The Asian Development Bank (ADB) in a new report has identified institutional and governmental shortcomings as risk factors that “may become constraints in the future” for the Maldivian economy.
A three-year study titled “The Maldives: Overcoming The Challenges of a Small Island State” found that the government’s effectiveness declined after 1996 whilst the ranking for rule of law has fallen since 2005, with the exception of 2012.
Further barriers to economic growth and development include the lack of adequate maritime infrastructure, lack of training and education in the labour force, fiscal mismanagement, persistent deficits, and limitations on access to finance.
Vice President Ahmed Adeeb launched the report at a ceremony held at Hotel Jen this morning. The vice president was accompanied by finance minister Abdulla Jihad, Maldives Monetary Authority (MMA) governor Dr Azeema Adam, senior cabinet members and members of the parliament.
The report also noted perception of corruption has increased, according to the 2013 Global Corruption Barometer, while regulatory quality has worsened in the Maldives since mid-1990s.
Presenting its findings, ADB principal economist Kee-Yung Naim made several policy recommendations, including the development of harbors through public-private partnerships, and improving the quality and access to education and vocational training to address skill shortages in the workforce.
The ADB also called on the government to prioritize spending from the state budget and improve planning and budgeting. To enable economic diversification, the ADB recommended the government enhance access to finance for small businesses.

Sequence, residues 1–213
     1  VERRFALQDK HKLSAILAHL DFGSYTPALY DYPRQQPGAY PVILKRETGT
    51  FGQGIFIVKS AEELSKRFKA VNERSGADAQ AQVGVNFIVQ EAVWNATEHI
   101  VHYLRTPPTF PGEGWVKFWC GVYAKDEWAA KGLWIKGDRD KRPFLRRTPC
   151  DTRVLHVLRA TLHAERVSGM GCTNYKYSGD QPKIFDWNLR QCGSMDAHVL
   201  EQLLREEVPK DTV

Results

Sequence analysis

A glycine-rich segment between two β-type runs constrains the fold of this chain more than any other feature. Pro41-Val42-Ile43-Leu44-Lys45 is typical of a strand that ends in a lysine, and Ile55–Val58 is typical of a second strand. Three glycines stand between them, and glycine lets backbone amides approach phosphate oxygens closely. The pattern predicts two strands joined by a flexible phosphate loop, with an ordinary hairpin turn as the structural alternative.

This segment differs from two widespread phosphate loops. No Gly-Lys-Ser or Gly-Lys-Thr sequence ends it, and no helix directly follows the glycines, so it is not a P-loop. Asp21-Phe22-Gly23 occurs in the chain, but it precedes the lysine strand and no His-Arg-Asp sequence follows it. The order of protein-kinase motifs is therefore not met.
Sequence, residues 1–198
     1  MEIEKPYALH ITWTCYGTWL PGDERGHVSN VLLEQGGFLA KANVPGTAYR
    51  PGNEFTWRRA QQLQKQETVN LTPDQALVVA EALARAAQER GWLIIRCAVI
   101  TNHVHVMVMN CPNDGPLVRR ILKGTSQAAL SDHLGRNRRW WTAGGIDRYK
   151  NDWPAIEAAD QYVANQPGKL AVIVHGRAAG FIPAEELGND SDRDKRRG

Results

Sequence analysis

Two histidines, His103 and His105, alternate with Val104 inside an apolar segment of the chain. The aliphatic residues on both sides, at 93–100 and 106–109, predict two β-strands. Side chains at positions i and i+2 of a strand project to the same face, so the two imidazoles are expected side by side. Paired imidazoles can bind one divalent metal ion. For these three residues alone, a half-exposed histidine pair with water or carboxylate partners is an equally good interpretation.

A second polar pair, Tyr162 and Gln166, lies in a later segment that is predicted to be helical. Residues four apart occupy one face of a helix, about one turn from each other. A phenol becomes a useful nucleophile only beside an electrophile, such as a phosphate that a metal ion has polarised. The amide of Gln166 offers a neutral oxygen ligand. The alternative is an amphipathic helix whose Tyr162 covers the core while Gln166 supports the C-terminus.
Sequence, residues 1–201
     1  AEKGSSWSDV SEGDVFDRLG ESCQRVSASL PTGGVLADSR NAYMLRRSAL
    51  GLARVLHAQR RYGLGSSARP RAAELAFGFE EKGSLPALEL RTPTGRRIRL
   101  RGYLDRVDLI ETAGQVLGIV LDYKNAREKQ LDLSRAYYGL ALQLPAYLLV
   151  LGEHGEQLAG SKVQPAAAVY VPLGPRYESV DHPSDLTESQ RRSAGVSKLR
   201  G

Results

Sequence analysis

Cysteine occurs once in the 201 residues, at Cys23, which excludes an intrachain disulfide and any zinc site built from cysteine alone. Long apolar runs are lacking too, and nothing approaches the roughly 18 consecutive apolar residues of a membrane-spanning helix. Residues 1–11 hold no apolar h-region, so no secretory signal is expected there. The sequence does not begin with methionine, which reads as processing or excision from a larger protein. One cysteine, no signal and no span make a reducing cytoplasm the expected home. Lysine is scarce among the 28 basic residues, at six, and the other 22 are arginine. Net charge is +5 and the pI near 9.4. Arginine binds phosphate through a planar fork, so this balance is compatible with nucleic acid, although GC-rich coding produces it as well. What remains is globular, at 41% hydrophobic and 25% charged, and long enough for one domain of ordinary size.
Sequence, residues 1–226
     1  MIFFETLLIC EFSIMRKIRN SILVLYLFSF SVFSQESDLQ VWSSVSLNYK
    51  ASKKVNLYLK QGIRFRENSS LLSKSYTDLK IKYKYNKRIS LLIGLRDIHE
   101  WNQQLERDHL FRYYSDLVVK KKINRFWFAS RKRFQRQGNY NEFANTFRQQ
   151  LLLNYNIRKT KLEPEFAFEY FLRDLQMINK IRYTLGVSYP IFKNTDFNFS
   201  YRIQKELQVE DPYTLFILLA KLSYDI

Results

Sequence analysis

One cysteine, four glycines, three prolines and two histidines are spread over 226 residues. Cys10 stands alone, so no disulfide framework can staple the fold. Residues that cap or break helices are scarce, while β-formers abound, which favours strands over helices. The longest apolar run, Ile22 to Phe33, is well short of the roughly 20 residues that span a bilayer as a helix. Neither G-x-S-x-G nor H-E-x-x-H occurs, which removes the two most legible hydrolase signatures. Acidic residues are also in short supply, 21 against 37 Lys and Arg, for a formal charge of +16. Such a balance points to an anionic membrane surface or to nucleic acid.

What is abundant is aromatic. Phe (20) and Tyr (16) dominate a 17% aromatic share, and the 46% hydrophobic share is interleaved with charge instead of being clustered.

The bank also recommended several measures to improve governance, including strengthening the Anti-Corruption Commission by providing sufficient funding and ensuring its independence.
The ADB further recommended the development of an anti-corruption strategy and the formulation of adequate and effective anti-corruption legislation while increasing the participation of the civil society in monitoring and implementing government projects “to bring back confidence in the government”.
Other policy recommendations include increasing transparency by timely and adequate disclosure of government transactions, and incorporation of civic education in the national curriculum to enhance values of integrity and honesty.
Following the presentation of the findings, Adeeb asked the ADB’s principal economist to comment on recent constitutional amendments that allow foreigners to own freeholds in the Maldives with an investment of US$1 billion.
However, Kee-Yung Naim did not directly address the controversial amendments, but welcomed free market policies and the government’s efforts to foster a business-friendly environment.
The freeholds amendment has drawn criticism from opposition politicians and civil society organisations. Several youth groups have launched a campaign calling for a public referendum on the issue of selling land.
Speaking at the ceremony, MMA governor Dr Azeema Adam said the Maldives has always been aware of the challenges and constraints noted by the ADB report and criticised the international community for its alleged failure to recognise the budgetary and financial limitations the country faces.
Referring to the government’s flagship Special Economic Zones (SEZ) legislation and the freeholds amendment, Azeema suggested that the changes “are not seen very positively by the international community”.
She described the unprecedented changes as “very creative solutions” required by countries like the Maldives.
In his remarks, finance minister Jihad thanked the ADB for its “continued commitment in providing Maldives with financial and technical assistance” and for the completion of the study despite “many challenges.”